It was while we were engaged in this blind struggle, since neither those who rejected the revolution knew why they rejected it, nor did those who supported the revolution know why they supported it, that the first Congress of the Confederación Nacional del Trabajo since the 1916 reorganization was held.

The occasion could not have been more favorable. Besides the sympathy shown towards the Russian Revolution by all the trade union organizations that were part of the Confederation, we were also confronted by the creation of the Third International, a bright torch flaring in the calm and misty days at the end of July that would take the place of August 1914.

The Third International, which had just been organized, called upon the revolutionary proletariat of the entire world to join it.

Could the Spanish confederation remain deaf to the beautiful appeal of its Russian brothers?

We would soon find out.

The question was posed at the Congress, which was held at the Teatro de la Comedia in Madrid from December 10 to December 20, 1919, as to whether we would remain undecided regarding the appeal of the Russians, although assisting them with our sympathy for the revolution, or whether we should definitively incorporate our organization into the Third International.

The answer was not long in coming; one could have even predicted the result.

Without a single dissenting vote, absolutely unanimously, the assembled delegates, interpreting the feelings of the Spanish working class, agreed to join the Third International of Moscow. Our sympathy for the revolution was delivered in that vote, without any reticence at all, the way a lover gives herself to the man she loves.

At the same Congress, however, we proclaimed our principles, in the form of a unanimously approved declaration, and we called ourselves: libertarian communists.

A proposal was also discussed at the Congress regarding the need to send duly authorized comrades to Russia to study the situation in that country, to officially present our application to join the Third International and then to inform the Spanish workers concerning their observations.

Once the Congress had come to an end, and the Confederal Committee had returned to Barcelona, we set to work on implementing the resolutions approved at the Congress.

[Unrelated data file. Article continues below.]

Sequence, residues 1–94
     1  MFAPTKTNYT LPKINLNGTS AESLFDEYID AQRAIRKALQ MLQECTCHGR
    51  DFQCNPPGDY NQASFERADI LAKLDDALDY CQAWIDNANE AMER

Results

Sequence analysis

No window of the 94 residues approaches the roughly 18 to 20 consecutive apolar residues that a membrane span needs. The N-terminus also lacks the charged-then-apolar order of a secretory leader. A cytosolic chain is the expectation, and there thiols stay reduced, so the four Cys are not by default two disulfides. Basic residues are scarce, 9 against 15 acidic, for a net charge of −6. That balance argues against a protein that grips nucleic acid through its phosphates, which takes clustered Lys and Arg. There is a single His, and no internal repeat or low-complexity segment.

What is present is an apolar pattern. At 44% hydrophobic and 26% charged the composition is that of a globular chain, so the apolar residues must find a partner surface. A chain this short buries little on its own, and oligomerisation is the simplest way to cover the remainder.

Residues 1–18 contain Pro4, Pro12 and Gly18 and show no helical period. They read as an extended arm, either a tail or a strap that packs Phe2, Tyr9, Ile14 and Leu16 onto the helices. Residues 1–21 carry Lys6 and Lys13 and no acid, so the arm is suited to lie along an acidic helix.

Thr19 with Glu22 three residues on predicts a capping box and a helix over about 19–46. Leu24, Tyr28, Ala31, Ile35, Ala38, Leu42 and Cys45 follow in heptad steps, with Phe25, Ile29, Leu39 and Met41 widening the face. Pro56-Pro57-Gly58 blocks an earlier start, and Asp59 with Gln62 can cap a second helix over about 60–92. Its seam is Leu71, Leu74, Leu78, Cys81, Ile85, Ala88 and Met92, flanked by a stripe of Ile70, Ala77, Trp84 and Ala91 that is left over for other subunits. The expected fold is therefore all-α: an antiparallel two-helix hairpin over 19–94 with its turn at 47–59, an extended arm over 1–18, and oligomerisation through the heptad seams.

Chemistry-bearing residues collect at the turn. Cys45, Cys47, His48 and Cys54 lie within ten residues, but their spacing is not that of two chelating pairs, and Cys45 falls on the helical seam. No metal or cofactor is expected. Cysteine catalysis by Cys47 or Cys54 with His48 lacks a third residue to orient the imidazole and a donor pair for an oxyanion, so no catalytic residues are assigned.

The most pressing issue was to designate the members of the delegation, even though it would be hard to find comrades who could take part in such an enterprise.

Among the well-known comrade militants there were two who, due to their special qualifications with regard to their abilities and their education, and, above all, their equanimity and maturity, were called upon to fully satisfy the will of the Congress. Their designation by the Confederal Committee was approved with hardly any further debate. All that remained was to inform them of their appointments and see if they would accept the mission. But the comrades, Pedro Vallina, of Seville, and Eleuterio Quintanilla, of Gijón, who were the appointees, due to understandable circumstances, declined the offer and they requested that substitutes be found, since it was impossible for them to comply with the mission that was to be entrusted to them. This was an annoying setback that had to be resolved.

The Committee met again and sent notices to the comrades Eusebio Carbó, of Valencia, and Salvador Quemades, of Barcelona, offering them the positions as delegates to Russia. These comrades, after various consultations, accepted the appointment. All that remained was to make the preparations for the journey, and these were immediately begun.

These proceedings had taken place at a critical moment when repression was once again being visited upon the Barcelona trade union organization; this was not an obstacle to our plans, which could go forward without interruption, but we had to proceed more slowly, since the comrades appointed to go to Russia and those who were members of the Committee were under surveillance, and we had to be careful to prevent them from falling into the hands of the police.

Since it appeared that the repression would be bloody and of indefinite duration, and since we also had to deal with the lockout by the employers association, and foreseeing that the Government was looking for a showdown, the Confederal Committee met and agreed, perhaps in anticipation of future events, to stage a solidarity action, and issued an appeal to the organized workers of Portugal, Italy and France, to boycott any Spanish commodities that arrive at their ports and their borders. The Committee also agreed that, since carrying out such negotiations by letter was too slow, it was preferable to appoint three comrades to travel to the aforementioned countries and to directly solicit the assistance of their organizations.

The critical situation led the Committee to attempt to find delegates for this mission who, without abandoning the mission to Russia, would focus their attention on carrying out the proposed negotiations with the workers organizations of the neighboring countries.

In order to simplify the problem, the Committee agreed that comrade Carbó, appointed to go to Russia, should depart for Italy, obtain interviews with the Unione Sindacale and the other organizations, and once this mission was fulfilled, Quemades would leave to join him in Italy and then they would continue on their journey to Russia.

One comrade who was slated to go to Portugal was just getting ready to leave, and I, who was appointed to go to France, began preparations for my journey.